Facebook is going head to head with rival Snapchat in the video-chat app market as the social networking group scrambles to win back users from the popular ephemeral messaging app.
Facebook has been working for several months on the app, known internally as Slingshot, with a simple and speedy user interface, said people familiar with its plans.
Mark Zuckerberg, Facebook's chief, has been overseeing the top-secret project after failing to woo Snapchat's creators Evan Spiegel and Bobby Murphy with a $3 billion takeover offer late last year.
The app allows users to send short video messages with just a couple of taps of the screen. Slingshot could be launched this month, one person said, while cautioning that Facebook might still decide not to proceed with the product.
Slingshot is likely to stand alone from Facebook Messenger, its popular texting app, as part of Mr Zuckerberg's strategy of unbundling the group's social network into standalone mobile services.
Facebook's first attempt to take on Snapchat directly came in December 2012 with Poke, an app that copied its rival's format of photos and videos that disappear up to 10 seconds after viewing. However, Poke failed to mimic Snapchat's popularity, and Facebook removed it from the App Store this month.
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The latest effort to take on Snapchat comes despite Facebook's subsequent acquisition of WhatsApp Messenger, another popular chat app with more than 500m regular users, for an initial outlay of $14.6 billion in cash and stock, based on Friday's closing price.
Analysts see the fast rise of simple messaging apps, such as WeChat, Line and KakaoTalk, as one of Facebook's biggest competitive threats, especially among younger users, where the social network has admitted it is seeing some signs of declining usage.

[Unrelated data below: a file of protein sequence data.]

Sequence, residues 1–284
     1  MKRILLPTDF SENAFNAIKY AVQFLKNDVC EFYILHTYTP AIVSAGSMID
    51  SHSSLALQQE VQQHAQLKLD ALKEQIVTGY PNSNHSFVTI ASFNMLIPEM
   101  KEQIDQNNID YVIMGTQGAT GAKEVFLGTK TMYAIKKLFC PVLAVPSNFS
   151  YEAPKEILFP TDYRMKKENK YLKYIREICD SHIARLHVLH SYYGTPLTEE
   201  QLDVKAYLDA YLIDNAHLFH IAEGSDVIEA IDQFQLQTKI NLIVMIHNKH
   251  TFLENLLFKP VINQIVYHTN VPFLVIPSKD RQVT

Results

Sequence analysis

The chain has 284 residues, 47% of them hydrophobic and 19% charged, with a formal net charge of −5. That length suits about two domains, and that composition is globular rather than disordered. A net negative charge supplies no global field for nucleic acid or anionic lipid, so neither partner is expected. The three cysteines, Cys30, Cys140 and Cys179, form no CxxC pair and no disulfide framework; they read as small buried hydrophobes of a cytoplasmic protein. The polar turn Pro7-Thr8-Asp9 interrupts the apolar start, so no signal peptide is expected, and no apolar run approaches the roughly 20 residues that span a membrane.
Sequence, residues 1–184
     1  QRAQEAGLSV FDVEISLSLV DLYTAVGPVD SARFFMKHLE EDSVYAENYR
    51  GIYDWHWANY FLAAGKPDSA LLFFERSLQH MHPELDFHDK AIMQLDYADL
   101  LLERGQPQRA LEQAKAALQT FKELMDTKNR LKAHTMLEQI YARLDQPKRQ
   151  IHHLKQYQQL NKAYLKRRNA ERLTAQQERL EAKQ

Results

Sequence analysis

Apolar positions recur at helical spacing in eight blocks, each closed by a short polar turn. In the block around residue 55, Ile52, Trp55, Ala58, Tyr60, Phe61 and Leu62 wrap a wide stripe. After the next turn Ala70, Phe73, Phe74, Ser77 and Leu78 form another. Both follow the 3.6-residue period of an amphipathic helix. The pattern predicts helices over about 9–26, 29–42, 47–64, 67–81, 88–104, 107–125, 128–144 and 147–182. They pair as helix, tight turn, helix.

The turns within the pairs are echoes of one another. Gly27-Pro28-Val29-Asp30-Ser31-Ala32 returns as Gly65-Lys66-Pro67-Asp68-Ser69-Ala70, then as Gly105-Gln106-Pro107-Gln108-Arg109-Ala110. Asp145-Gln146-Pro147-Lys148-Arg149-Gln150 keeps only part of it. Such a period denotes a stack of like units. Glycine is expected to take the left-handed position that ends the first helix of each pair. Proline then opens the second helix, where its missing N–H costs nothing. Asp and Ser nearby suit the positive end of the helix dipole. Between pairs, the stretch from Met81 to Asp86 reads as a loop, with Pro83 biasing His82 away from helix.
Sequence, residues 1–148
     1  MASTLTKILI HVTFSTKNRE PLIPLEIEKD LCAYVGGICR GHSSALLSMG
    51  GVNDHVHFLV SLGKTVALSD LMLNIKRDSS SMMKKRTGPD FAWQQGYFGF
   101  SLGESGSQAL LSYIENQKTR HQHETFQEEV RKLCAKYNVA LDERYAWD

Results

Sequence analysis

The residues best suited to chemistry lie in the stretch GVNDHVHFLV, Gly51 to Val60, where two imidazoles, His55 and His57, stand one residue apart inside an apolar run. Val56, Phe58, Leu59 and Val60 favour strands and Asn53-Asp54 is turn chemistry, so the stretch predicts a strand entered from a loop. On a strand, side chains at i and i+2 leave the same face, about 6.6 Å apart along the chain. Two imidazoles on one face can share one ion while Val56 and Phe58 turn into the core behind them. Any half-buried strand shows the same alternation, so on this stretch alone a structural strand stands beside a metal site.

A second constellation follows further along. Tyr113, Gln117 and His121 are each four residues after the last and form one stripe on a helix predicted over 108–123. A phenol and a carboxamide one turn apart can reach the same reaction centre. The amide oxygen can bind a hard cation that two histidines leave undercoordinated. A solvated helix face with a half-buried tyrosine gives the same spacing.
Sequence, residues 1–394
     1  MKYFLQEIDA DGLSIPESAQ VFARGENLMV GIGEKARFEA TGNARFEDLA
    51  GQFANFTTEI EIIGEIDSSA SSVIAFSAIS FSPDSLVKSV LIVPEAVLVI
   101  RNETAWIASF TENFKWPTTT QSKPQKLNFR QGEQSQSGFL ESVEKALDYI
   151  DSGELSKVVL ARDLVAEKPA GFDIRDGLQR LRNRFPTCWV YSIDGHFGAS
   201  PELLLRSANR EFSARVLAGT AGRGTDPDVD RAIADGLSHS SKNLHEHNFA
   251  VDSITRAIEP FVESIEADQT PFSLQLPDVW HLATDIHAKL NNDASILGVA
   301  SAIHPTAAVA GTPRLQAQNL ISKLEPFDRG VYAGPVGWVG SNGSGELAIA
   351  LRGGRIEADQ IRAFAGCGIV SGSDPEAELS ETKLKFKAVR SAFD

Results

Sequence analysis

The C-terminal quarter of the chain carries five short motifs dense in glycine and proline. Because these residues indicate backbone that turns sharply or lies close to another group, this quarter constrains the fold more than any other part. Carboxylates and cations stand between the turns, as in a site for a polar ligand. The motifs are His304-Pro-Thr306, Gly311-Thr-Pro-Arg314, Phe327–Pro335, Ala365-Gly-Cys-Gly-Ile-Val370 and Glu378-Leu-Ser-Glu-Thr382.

"Snapchat over-indexes with the very segment where Facebook has cited falling engagement: teenagers," said Geoff Blaber, mobile analyst at CCS Insight. "The continued introduction of new services, either organically or by acquisition, is essential to maintaining user engagement."
This month Snapchat updated its app to include text messaging and video calling, in addition to the ability to send short videos or photos that "disappear" soon after viewing.
The app was so popular among teenagers that some American schoolteachers said they had to confiscate students' smartphones to avoid distraction in class.
"In 16 years of teaching I can't think of anything that has ever disrupted my classroom more than today's Snapchat update," tweeted Tracie Schroeder, a Kansas high-school science teacher.
Slingshot takes a different approach. It is said to resemble TapTalk, a new video-messaging app from Berlin-based Wit Dot Media released last month, in which users tap or hold a contact's profile picture to instantly send a photo or short video, which can be viewed only once by the recipient.
"When you look at how people are using Facebook, it's increasingly as a means of direct person-to-person communication," said Mr Blaber, rather than sharing status updates, photos or videos with all their friends at the same time.
Nonetheless, he said Facebook might again struggle to catch up with Snapchat in the latter's particular style of more casual and intimate messaging.
"When you're coming to market late and trying to compete with what is already a service with a very large user base, it becomes very difficult to close that gap, even for a company like Facebook," Mr Blaber said.